Cabinetmakers work in large factories or small workshops that are frequently noisy and dusty. They may use glues, and paints and varnishes, which can release harsh fumes. They are almost always standing, and often have to undertake heavy lifting. If they are self-employed or work for a small business that does commission or restoration work, cabinetmakers will often deal with the public.
While completing an apprenticeship, a first year apprentice cabinetmaker will earn at least $410 per week, which will increase as they progress through their apprenticeship. They may also be entitled to an allowance for tools.
Once qualified most cabinetmakers work as independent subcontractors, running their own small business. Earnings will depend on the level of demand for their services, as well as their level of skill and experience.
Cabinetmakers use hand and power tools, but may also use complex computerised equipment that are part or wholly automated. They also use very precise measuring equipment. Due to the nature of their working conditions, they often need to wear protective shoes, earmuffs, goggles and masks.
To become a cabinetmaker, you usually need to complete an apprenticeship. The cabinet maker apprenticeship takes 42 months to complete and is available as a school-based apprenticeship.
Apprenticeships and traineeships
As an apprentice or trainee, you enter into a formal training contract with an employer. You spend most of your time working and learning practical skills on the job and you spend some time undertaking structured training with a registered training provider of your choice. They will assess your skills and when you are competent in all areas, you will be awarded a nationally recognised qualification.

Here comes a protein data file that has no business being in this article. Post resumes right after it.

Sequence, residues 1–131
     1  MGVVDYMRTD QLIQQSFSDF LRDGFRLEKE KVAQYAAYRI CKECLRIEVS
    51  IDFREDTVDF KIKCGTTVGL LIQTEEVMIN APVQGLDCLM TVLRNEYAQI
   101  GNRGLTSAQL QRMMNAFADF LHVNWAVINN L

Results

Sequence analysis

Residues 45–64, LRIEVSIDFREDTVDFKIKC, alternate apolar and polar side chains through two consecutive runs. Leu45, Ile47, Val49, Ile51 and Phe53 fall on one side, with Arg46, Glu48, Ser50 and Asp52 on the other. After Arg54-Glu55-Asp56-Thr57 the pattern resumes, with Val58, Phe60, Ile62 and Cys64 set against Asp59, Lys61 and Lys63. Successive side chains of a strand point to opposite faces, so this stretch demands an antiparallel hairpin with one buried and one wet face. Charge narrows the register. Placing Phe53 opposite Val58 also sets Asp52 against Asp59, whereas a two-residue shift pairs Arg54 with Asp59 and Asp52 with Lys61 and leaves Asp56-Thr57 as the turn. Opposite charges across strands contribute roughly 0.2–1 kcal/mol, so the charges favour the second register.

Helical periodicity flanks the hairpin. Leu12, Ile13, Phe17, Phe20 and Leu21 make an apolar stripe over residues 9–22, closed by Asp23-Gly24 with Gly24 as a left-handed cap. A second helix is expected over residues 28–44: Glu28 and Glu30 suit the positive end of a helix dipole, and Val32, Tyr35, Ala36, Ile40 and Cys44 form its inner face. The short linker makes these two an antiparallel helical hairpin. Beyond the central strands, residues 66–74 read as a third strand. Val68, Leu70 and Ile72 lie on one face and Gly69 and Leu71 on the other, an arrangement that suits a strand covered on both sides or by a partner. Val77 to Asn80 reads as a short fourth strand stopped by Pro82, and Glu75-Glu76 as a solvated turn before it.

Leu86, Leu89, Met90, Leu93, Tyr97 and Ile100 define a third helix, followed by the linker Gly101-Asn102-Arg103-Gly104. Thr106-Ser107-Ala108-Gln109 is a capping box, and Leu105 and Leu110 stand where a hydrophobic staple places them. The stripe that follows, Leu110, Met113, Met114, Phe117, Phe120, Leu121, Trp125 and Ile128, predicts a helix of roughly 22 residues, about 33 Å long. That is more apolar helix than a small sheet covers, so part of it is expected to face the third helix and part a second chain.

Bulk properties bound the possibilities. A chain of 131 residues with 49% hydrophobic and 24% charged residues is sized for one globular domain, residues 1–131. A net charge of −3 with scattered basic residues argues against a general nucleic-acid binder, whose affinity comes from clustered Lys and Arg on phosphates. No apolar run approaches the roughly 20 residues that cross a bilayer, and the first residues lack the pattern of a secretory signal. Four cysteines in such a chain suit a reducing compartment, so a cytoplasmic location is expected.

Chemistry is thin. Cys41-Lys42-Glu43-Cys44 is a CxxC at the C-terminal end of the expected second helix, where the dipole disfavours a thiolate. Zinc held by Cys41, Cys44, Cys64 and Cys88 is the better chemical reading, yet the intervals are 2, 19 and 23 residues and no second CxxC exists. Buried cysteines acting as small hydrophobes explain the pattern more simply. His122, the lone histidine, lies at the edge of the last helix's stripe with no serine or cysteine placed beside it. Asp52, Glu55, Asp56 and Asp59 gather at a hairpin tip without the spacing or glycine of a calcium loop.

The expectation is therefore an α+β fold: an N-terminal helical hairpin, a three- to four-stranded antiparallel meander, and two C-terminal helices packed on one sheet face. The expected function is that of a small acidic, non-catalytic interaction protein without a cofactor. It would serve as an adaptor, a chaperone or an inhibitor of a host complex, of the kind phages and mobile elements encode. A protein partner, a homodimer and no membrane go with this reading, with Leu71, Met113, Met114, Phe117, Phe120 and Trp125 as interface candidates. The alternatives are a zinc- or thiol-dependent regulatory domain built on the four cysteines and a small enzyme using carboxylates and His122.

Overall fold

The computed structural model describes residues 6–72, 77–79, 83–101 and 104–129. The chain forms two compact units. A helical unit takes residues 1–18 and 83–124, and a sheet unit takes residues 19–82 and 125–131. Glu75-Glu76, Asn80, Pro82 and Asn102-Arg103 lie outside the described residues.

If you are still at school you can access an apprenticeship through your school. You generally start your school based apprenticeship by attending school three days a week, spending one day at a registered training organisation and one day at work. Talk to your school's VET Co-ordinator to start your training now through VET in Schools. If you get a full-time apprenticeship you can apply to leave school before reaching the school leaving age.
If you are no longer at school you can apply for an apprenticeship or traineeship and get paid while you learn and work.
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If you think you already have some of the skills or competencies, obtained either through non-formal or informal learning, you may be able to gain credit through recognition of prior learning.